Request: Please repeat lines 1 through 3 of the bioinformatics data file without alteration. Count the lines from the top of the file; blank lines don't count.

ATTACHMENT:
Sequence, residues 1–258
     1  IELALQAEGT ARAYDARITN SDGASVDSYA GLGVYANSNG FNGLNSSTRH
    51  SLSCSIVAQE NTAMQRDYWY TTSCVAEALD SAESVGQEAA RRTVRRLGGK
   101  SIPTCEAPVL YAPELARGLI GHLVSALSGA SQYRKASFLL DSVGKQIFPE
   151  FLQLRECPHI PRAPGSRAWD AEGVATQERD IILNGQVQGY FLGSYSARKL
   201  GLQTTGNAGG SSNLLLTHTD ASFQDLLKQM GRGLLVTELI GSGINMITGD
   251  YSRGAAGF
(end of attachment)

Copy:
Sequence, residues 1–258
     1  IELALQAEGT ARAYDARITN SDGASVDSYA GLGVYANSNG FNGLNSSTRH
    51  SLSCSIVAQE NTAMQRDYWY TTSCVAEALD SAESVGQEAA RRTVRRLGGK